Third, in pursuing greater connectivity, commercial partnerships and trade agreements, the EU is also interested in promoting its own rules, standards and norms. Its intention in doing so is not only to support its own legitimate economic and trade interests, but also to increase good governance practices and, by consequence, the attractiveness of its own model of governance.
Calibrating the Right Mix of Instruments: Cooperation, Competition and Balancing
Apart from clearly defining their fundamental goals for a future connectivity strategy toward Eurasia, Germany and Europe also need to frankly assess the mix of political and economic tools available to them. This is pertinent especially in light of their limited financial and political leverage vis-à-vis Moscow and Beijing and with regard to the strong ideological and strategic bond between the latter. It is also important given the United States’ declining commitment to the liberal political and economic order. Weighing up possible instruments, Brussels and Berlin have three distinct – yet also equally problematic – options to pursue their goals:
Cooperation: This course would involve entering into a triangular partnership across Eurasia by normalizing and stabilizing the relations with both Moscow and Beijing. Cooperation with the BRI and the EAEU would be elevated from a technical-economic to a political level, yet without developing or articulating a separate, own vision or narrative for the continent. Europe would strive to actively participate in Eurasia’s geo-economic transformation solely by the force of its own regulatory and normative as well as commercial power.
For Russia, security issues need not be solved but managed
This option, of course, is laden with difficulties: It would send a dramatic signal of strategic autonomy to the US which Washington could barely accept. Furthermore, given the EU’s limited political, diplomatic, financial and military means and the lack of an own alternative narrative for Eurasia, Brussels would hardly be considered a fully-fledged partner in such a triangular relationship. More realistically, the EU would end up being side-lined, marginalized and, by consequence, also further fragmented internally. It could eventually even be forced to yield its own regulatory, normative, and commercial power. In effect, Brussels could become a rule taker.
Competition: This option implies entering a de facto systemic competition with China and Russia, as the EU would develop its own autonomous concept for Eurasia’s future. It would be independent from both China’s aggressive mercantilist approach and Russia’s closed regionalism. Instead, it would be based on technical goals – e.g. the spread and acceptance of international norms and standards – and on the principles of multilateralism, open markets, and mutually beneficial partnerships.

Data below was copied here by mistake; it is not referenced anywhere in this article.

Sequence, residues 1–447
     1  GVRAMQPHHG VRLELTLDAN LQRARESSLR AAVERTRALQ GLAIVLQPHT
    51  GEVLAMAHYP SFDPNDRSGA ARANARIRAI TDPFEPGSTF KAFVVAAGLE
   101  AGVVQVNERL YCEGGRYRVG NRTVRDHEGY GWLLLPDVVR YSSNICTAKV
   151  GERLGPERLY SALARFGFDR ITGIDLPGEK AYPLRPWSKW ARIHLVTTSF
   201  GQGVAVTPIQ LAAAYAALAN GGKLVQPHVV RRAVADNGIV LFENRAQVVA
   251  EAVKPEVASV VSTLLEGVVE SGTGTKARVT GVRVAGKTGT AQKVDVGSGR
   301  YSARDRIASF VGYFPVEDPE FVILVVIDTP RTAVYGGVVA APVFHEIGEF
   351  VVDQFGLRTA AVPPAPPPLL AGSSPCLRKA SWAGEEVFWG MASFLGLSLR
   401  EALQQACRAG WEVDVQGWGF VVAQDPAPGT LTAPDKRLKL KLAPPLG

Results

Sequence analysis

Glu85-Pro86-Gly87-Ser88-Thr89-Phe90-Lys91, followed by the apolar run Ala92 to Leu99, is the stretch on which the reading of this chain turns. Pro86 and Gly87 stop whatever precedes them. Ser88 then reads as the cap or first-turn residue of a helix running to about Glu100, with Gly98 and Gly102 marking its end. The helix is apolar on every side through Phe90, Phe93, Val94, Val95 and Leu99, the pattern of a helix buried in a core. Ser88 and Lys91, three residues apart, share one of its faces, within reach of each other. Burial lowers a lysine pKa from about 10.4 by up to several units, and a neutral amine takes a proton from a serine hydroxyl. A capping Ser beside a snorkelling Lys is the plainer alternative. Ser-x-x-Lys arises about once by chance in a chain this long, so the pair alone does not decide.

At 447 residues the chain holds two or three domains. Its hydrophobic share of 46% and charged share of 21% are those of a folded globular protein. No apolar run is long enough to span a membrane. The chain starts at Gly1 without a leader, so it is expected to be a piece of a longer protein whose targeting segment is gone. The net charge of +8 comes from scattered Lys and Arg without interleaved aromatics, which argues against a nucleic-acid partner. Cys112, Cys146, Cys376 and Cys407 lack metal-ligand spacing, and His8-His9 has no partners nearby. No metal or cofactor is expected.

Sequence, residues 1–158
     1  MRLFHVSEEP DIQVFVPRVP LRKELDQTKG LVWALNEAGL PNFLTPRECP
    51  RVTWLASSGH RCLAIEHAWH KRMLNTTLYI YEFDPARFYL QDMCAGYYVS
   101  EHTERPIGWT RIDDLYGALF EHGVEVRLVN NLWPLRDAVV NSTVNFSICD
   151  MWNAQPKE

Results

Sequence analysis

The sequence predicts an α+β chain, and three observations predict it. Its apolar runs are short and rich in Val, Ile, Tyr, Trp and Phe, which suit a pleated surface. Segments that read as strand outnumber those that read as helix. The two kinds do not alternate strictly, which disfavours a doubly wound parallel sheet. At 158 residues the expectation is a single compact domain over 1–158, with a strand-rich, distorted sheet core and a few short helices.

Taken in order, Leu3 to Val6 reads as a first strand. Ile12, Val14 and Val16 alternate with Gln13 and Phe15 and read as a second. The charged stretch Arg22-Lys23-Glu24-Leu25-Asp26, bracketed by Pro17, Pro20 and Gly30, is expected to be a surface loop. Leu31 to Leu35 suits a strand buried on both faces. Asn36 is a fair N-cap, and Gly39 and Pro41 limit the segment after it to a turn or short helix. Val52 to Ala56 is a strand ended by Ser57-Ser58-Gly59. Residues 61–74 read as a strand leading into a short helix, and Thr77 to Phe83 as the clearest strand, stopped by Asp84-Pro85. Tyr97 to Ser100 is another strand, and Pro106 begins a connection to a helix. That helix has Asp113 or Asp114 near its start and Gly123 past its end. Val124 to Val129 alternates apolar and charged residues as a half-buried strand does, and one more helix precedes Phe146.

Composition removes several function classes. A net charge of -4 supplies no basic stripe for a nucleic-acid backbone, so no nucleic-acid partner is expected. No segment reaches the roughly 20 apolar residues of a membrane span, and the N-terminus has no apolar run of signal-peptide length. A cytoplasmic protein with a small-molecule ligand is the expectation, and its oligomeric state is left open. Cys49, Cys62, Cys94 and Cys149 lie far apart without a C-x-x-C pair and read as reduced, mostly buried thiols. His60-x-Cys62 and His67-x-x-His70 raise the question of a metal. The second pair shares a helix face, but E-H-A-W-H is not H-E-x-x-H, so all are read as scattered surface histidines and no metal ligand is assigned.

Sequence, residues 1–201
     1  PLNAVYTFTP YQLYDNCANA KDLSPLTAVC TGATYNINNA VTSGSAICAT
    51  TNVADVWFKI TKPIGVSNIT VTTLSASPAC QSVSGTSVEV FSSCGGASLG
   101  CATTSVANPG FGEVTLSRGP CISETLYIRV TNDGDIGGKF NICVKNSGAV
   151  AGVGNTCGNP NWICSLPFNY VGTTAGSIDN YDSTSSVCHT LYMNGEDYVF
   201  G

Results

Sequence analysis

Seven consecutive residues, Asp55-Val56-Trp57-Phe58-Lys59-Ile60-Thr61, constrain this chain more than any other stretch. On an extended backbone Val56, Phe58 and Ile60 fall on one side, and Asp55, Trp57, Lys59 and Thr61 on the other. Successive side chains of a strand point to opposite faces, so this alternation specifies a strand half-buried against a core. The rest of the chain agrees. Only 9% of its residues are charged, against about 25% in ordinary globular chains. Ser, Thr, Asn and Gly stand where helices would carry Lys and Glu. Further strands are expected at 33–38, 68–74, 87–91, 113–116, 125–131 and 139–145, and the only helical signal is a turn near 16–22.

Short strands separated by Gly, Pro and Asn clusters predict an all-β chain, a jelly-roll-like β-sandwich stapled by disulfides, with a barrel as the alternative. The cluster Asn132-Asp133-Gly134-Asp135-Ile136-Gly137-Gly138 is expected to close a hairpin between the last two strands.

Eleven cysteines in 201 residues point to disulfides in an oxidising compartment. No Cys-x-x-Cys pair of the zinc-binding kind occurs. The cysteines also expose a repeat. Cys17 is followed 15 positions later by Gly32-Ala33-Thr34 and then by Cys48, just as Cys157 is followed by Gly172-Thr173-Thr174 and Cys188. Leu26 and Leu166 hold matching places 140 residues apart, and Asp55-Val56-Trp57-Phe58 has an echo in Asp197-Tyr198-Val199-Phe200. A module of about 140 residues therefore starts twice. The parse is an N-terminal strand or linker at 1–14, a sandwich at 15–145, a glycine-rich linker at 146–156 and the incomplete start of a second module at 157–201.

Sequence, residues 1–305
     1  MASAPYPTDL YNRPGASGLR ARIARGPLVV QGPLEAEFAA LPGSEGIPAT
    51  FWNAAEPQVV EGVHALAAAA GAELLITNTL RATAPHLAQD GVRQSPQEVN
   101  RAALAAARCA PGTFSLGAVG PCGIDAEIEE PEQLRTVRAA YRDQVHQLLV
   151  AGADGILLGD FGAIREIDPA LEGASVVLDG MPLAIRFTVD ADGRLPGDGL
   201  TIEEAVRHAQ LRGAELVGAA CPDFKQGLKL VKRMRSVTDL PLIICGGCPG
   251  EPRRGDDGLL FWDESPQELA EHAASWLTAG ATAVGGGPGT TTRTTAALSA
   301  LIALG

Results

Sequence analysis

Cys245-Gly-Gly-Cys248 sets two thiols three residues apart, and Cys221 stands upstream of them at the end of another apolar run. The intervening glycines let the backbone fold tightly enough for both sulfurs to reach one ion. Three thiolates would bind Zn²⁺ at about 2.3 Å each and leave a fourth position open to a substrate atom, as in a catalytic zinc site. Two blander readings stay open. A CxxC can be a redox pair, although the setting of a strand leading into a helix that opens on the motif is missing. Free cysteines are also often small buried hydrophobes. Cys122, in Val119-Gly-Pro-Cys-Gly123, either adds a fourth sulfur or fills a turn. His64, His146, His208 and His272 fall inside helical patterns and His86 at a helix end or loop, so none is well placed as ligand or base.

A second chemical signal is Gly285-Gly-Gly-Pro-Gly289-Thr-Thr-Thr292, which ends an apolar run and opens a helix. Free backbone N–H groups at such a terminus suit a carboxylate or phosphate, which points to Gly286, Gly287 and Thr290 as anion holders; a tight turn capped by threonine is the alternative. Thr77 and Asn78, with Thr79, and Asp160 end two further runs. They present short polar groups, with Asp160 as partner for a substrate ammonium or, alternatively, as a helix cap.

Although it carefully avoids any reference to China or Russia as possible targets of such a systemic competition, this is the scenario envisaged by the EU connectivity strategy. The inherent risk in this approach lies in the fact that the increasingly nationalist and isolationist US no longer provides an external anchor of protection that strengthens the European position. Itself bar of sufficient financial, military and political means to sustain a two-front competition with Moscow and Beijing independently, the EU could eventually face a similar destiny as in the first scenario.
Balancing: Given the limitations inherent in the first two options, a more realistic approach may to pursuing a partnership with only one of the two Eurasian powers in order to balance off, contain or isolate the other player. Indeed, this option might be more promising and therefore deserves more attention. For, while the Sino-Russian bond is solid, it is by no means a fully-fledged strategic alliance without frictions. As Bobo Lo has pointed out, Moscow’s and Beijing’s interests diverge in a number of areas. Apart from their ideological alignment, these include the very perception of the international system, relations with the US, and the understanding of their countries’ respective role in the multipolar order.
As a matter of fact, these latent but managed frictions between Russia and China have become evident especially in Eurasia. Here, Moscow and Beijing are, indeed, not on the same page in terms of their economic, security as well as geopolitical interests:
In the economic field, Russia’s and China’s goals in Eurasia differ as a result of their uneven economic strength: Russia aims to diversify its economy and to develop new markets outside Europe and China in the sectors of arms and energy supply, technology, and infrastructure. However, although the EAEU and the BRI now cooperate more closely and the Sino-Russian axis is limited but solid, Russia’s economic weaknesses have left the country hostage to its pivot to China. Moscow is increasingly becoming the junior partner. As a result, Russia is keen to diversify trade and transport ties with other countries, both in East Asia (e.g. Japan and South Korea) and elsewhere across the continent (e.g. Turkey and India). In fact, Russia wants to position itself at the heart of the BRI, but it largely wants to do so in order to increase its internal connectivity to its Far East. By contrast, it hopes to retain its monopolistic position in the trans-Eurasian transport corridor. China, in turn, shares this interest only partially. It seeks to achieve maximum connectivity to Europe across a whole range of different and alternative corridors which do not necessarily rely on Russia. Beijing wants to maximize its access to resources and boost its economic prosperity by increasing China’s share of foreign markets along the Silk Road. This puts it in conflict with Moscow’s closed regionalism that is manifest, for instance, in the EAEU.